The Mamores is a compact group of mountains linked by a long ridge that lies between Loch Leven and Glen Nevis. The majority of the tops are high, steep and craggy and with the high connecting ridges, the range offers some excellant day walks - or potentially very long days traversing the ridges. With six tops above 1000m and a further five classed as Munros the area is extremely popular and you will be most unlikely to have the tops to yourself all day.
Access to the ridges is gained either from the south at Kinlochleven, or from the north in Glen Nevis. A series of excellant stalkers paths serve the southern approaches giving pathed access to several cols on the ridge. A landrover track runs along the entire southern side from Loch Eilde Mor through to Fort William. This passes the Mamore Lodge hotel, sited 200m (600ft) above Kinlochleven, which provides an 'advanced' base where cars can be left for a small charge. The West Highland Way runs along the track heading to Fort William - climbing from the village and joining the track just to the west of the telephone relay mast. Glen Nevis approaches start either from Polludh, or from the car park at the end of the road using the path past the falls on the Water of Nevis to gain the wire bridge crossing at Steall.
A summer bus service runs up Glen Nevis as far as Polldubh in the summer months and this could be used to save the walk back along the glen to Fort William (although not if you are off the mountains late in the day). A regular bus between Fort William and Kinlochleven (including evenings) does allow a traverse of the ridges and a return to your starting point without the need of two cars.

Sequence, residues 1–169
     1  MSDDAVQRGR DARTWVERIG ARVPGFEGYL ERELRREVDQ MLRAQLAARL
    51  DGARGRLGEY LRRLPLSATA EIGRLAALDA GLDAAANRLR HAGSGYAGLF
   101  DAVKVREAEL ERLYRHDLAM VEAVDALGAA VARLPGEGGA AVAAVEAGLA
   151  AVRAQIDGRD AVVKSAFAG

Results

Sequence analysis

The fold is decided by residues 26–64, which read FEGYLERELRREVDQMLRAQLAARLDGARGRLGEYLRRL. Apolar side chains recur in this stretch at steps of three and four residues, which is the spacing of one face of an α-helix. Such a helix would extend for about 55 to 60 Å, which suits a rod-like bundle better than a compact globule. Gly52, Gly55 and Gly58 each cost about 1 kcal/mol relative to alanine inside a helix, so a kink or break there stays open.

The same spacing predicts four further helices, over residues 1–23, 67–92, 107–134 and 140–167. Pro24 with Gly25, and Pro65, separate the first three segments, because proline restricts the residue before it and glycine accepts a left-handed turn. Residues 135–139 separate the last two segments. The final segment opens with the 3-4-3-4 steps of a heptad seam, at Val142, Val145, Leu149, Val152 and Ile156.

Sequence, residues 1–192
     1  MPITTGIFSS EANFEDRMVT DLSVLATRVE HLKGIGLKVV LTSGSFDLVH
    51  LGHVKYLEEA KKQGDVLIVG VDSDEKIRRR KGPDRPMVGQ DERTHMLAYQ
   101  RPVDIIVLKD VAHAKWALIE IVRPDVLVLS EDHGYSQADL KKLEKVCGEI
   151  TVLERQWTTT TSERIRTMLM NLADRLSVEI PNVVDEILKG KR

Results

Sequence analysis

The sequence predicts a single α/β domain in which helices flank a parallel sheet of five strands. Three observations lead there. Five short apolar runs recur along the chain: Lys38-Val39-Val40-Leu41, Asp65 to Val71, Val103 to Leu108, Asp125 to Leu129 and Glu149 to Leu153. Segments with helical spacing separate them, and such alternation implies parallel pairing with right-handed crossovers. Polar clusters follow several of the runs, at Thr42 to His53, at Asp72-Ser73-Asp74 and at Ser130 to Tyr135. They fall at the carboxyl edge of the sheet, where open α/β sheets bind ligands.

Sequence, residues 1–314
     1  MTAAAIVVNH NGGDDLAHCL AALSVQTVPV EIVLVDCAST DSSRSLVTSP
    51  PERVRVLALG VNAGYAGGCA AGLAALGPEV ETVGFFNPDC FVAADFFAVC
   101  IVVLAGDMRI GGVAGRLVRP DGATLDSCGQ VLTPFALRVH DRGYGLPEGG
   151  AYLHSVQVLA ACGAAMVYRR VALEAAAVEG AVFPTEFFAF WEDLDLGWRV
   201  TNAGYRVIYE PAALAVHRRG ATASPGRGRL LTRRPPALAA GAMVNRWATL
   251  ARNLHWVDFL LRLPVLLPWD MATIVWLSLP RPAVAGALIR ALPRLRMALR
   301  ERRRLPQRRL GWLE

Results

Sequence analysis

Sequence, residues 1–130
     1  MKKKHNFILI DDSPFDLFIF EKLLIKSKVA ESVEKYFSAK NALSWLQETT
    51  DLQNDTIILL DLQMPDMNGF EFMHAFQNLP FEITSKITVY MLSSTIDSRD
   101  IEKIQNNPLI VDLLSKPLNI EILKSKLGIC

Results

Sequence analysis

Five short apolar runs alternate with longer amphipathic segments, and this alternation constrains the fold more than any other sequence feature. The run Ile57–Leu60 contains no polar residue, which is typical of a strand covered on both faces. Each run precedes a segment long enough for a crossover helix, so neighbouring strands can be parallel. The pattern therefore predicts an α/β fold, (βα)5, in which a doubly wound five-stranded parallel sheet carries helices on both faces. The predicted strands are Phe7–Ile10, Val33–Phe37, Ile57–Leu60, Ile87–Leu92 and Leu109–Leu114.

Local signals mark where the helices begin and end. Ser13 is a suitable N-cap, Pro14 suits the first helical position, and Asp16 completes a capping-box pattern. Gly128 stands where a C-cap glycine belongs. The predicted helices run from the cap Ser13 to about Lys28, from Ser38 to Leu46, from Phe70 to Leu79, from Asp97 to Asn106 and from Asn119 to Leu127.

We have had several forays onto the ridge during various visits to the area. We have also used the paths as a starting point for walks east into the remote areas below the Grey Corries and on to Courrour and Rannoch. These longer distance walks have also become quite popular - using the railway to gain easy access to the heart of this remote region. Even so, the difference between these paths and the (very) heavily used West Highland Way is most dramatic. On the path from Fort William you will count the other walkers by the hundred - to the east you will meet only a handful and on the lesser tops you will meet no-one.
However high, craggy mountains that offer excellant views and alot of fun cannot be ignored and the pages record some of the days out we have had. At the time of posting we had recorded only the day we spent on the tops in the summer of 2002 within these pages - further pages will be added as the notes and photos are dusted off.